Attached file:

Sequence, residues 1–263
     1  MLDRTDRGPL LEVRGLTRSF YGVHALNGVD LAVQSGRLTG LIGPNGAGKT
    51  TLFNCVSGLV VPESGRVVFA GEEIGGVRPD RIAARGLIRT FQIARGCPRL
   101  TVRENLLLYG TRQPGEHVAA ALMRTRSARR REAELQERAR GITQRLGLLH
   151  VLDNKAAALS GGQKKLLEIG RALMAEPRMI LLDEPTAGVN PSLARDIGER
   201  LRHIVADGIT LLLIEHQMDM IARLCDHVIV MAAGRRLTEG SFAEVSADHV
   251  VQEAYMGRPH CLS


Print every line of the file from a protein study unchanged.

Sequence, residues 1–263
     1  MLDRTDRGPL LEVRGLTRSF YGVHALNGVD LAVQSGRLTG LIGPNGAGKT
    51  TLFNCVSGLV VPESGRVVFA GEEIGGVRPD RIAARGLIRT FQIARGCPRL
   101  TVRENLLLYG TRQPGEHVAA ALMRTRSARR REAELQERAR GITQRLGLLH
   151  VLDNKAAALS GGQKKLLEIG RALMAEPRMI LLDEPTAGVN PSLARDIGER
   201  LRHIVADGIT LLLIEHQMDM IARLCDHVIV MAAGRRLTEG SFAEVSADHV
   251  VQEAYMGRPH CLS